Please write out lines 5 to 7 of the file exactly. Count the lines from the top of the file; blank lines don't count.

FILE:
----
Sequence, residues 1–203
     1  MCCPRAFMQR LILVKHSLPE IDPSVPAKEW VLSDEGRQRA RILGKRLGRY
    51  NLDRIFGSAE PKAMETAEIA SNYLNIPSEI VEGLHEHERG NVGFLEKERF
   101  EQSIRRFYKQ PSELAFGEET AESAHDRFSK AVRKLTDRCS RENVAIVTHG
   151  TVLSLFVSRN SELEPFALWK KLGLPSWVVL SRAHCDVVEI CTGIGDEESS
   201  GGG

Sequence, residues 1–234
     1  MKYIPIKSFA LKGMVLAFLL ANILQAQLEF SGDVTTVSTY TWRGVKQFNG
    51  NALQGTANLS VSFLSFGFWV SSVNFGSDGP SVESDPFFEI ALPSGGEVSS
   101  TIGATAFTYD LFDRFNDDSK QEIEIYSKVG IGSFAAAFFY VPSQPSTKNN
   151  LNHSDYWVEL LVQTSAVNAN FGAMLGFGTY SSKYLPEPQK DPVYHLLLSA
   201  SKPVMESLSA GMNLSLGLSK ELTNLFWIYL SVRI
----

   151  TVLSLFVSRN SELEPFALWK KLGLPSWVVL SRAHCDVVEI CTGIGDEESS
   201  GGG

Sequence, residues 1–234